Friday, February 22, 2013

VOS : More Experiments With Mongoose

I got up early this morning and tinkered with my hybrid Mongoose-VaultOS code a little more. I was able to get a simple Lua script to run as a daemon reading the CANBUS values at startup off the USB adapter.

It was working so well I sort of questioned the idea of using my much-lauded mailslots altogether. My primary reason for pursuing mailslots as an IPC has been the notion I would open source the code and let people write their own custom daemons for Vault-OS as they preferred for whatever hardware they wanted to support.

Once you have a Lua script running in a multithreaded scripted environment, the whole idea of mailslots (a box that receives messages from another separate process running on the same machine) starts to seem somewhat redundant. It is great for systems like PVBROWSER but in the code I have running now you have to wonder if people would much prefer the flexibility of writing their own Lua scripts instead of other processes.

It is funny how I worked on this for months in my own code (and provided ample evidence in screenshots I had this system running) and with only a couple of hours adapting Mongoose I have a far superior system operating now. Technically with Lua scripting it could be far more modular, as simple as looking in a file directory to see what scripts are there with certain naming conventions.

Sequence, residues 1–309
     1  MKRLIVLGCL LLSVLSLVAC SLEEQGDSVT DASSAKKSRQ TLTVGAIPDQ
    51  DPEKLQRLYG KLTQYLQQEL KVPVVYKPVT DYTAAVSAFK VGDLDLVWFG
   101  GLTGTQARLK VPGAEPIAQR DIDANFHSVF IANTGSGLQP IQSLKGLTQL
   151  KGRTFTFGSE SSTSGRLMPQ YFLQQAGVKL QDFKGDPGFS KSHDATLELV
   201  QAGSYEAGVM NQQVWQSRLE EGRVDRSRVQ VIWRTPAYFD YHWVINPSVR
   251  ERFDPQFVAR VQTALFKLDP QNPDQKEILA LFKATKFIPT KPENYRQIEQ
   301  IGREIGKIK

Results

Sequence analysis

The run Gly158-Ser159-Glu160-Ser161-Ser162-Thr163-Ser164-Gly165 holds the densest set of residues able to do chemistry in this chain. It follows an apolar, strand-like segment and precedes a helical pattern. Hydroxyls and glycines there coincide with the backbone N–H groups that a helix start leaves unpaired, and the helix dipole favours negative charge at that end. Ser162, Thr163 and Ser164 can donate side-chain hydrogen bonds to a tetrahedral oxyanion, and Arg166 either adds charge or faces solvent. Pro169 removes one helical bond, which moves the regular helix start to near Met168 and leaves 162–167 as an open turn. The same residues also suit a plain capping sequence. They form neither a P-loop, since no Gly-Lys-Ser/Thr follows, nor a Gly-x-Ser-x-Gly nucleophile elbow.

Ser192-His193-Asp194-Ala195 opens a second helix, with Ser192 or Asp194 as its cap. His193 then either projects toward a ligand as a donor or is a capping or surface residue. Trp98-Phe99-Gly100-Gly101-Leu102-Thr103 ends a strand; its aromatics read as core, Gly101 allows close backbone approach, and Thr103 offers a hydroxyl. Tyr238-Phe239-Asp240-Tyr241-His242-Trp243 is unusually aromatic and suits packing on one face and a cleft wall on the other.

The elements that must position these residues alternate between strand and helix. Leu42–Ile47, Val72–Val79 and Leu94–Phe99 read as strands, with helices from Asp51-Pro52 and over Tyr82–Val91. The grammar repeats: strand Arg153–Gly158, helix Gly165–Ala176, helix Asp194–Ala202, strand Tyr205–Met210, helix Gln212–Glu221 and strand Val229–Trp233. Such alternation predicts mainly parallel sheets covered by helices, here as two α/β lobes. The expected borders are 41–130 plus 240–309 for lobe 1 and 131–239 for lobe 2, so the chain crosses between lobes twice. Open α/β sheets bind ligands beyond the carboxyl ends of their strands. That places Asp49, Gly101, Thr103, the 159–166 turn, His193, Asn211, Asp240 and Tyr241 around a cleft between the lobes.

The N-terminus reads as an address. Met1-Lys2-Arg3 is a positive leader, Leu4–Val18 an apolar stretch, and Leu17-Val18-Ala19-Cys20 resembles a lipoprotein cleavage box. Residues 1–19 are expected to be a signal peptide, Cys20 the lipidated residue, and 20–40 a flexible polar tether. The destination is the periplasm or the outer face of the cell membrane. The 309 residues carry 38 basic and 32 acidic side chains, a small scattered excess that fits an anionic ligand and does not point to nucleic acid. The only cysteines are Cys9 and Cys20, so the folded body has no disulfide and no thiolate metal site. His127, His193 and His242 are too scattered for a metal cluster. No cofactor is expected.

All I can say is that my extensive work on my own code enabled me to recognize that it was crap compared to what I have now. It also enabled me to further understand the basic principles involved in what I am trying to create and how to best implement it. Mongoose with SQLite and Lua is absolutely a winner. It is way better than what I was constructing using WebIO and mailslots.


Contrapundit said...

Ok, sounds interesting, but are you going to sell it? And what does it accomplish? And what can it do for me?

Texas Arcane said...

It is going to be a cross-platform ultimate embedded device controller which can manage and control anything in your shelter or retreat with cheap, easily replaced hardware. It will have modules to manage inventory, medical and personnel in combination with hydroponics, environmental systems and security.